5th June 2019
MPR Partners | Maravela, Popescu & Roman has assisted the global wiper blade manufacturer Trico in the acquisition of the worldwide wiper and wiper systems business of Federal-Mogul Motorparts.
16th May 2019 Celebrating 5 years since its establishment by highly experienced business lawyers, Maravela|Asociații is undergoing a rebranding process that includes a name change to MPR Partners | Maravela, Popescu & Roman and a new logo.
15th March 2019
The year 2019 brought important achievements for Maravela|Asociații’s practice, following intense activity of the team, which has been acknowledged by international directories and repeatedly appreciated by firm’s clients.
8th February 2019
Maravela|Asociații started 2019 with a consolidated consultancy team, following recent recruitment and internal promotion of several existing team members.
Thus, in alphabetical order, Raluca Ciocârlan, Roxana Neacșu and Flavia Ștefura joined the firm’s consultancy team.
22nd November 2018
Maravela|Asociaţii assisted CEE chemicals producer Chimcomplex in the merger review procedure whereby the Romanian Competition Council has authorised the takeover of Oltchim’s assets.
5th November 2018
Maravela|Asociații assisted Precision for Medicine, part of Precision Medicine Group, in connection with the Romanian law aspects of its multimillion EUR value cross-border acquisition of Argint International.
Precision for Medicine supports life sciences companies in the use of biomarkers essential to targeting patients more precisely and effectively. With more than 1,450 employees in 25 locations in the US, Canada, and Europe, Precision Medicine Group activates in fields from advanced lab sciences to translational informatics and clinical trial delivery.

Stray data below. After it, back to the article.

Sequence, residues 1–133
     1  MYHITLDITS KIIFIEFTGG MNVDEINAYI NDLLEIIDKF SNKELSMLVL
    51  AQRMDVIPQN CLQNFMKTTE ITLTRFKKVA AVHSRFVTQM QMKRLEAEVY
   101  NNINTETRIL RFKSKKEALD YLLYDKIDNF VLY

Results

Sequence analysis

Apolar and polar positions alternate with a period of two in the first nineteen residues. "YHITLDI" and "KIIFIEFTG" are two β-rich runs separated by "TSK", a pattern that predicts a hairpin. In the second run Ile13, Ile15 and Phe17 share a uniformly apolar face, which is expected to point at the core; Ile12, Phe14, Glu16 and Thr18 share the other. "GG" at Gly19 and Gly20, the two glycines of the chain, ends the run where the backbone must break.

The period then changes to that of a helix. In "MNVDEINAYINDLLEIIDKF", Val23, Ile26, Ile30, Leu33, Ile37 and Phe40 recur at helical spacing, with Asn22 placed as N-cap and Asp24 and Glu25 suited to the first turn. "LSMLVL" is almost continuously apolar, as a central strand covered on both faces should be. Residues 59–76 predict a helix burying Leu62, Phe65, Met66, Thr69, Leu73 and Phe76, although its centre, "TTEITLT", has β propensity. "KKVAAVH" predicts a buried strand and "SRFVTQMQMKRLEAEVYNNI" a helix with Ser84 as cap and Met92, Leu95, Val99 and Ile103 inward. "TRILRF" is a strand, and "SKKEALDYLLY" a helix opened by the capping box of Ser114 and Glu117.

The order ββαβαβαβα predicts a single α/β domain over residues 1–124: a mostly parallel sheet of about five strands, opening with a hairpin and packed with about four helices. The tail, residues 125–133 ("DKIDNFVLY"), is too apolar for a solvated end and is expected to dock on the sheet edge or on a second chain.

8th October 2018
For the second year in a row, Maravela|Asociații was awarded by Ziarul Financiar, the local leading financial and business publication, during The Lawyers’ Gala, event that recognized the law firms involved in the largest transactions of 2017 and the first part of 2018.
5th September 2018
Maravela|Asociații assisted a major shareholder of Nordic Petfood, the leading local producer of petfood, in the process of selling the entire business to United Petfood. The share purchase agreement was signed mid August.
Legal Developments16th March 2021
1. IntroductionBefore the advent of cinematography, fictional characters were portrayed in literature and the traditional visual arts, such as painting and sculpture.
10th March 2021
1. IntroductionThe beginning of 2021 seems to be under the auspices of numerous amendments incurred to the Law no. 227/2015 regarding the fiscal code (the “Fiscal Code”).
17th February 2021
1. IntroductionIn follow-up to our summary regarding the preliminary evaluation for the banks’ authorisation, as detailed in Regulation no. 12/2020 on the authorization of credit institutions and amendments pertaining to the same (“Regulation 12/2020”), and our summary regarding the information and documentation to be submitted by a bank in order to obtain authorisation from the National Bank of Romania (the “NBR”), we will highlight below the main amendments regarding banks that need to be approved by and registered by the NBR once the bank is authorised.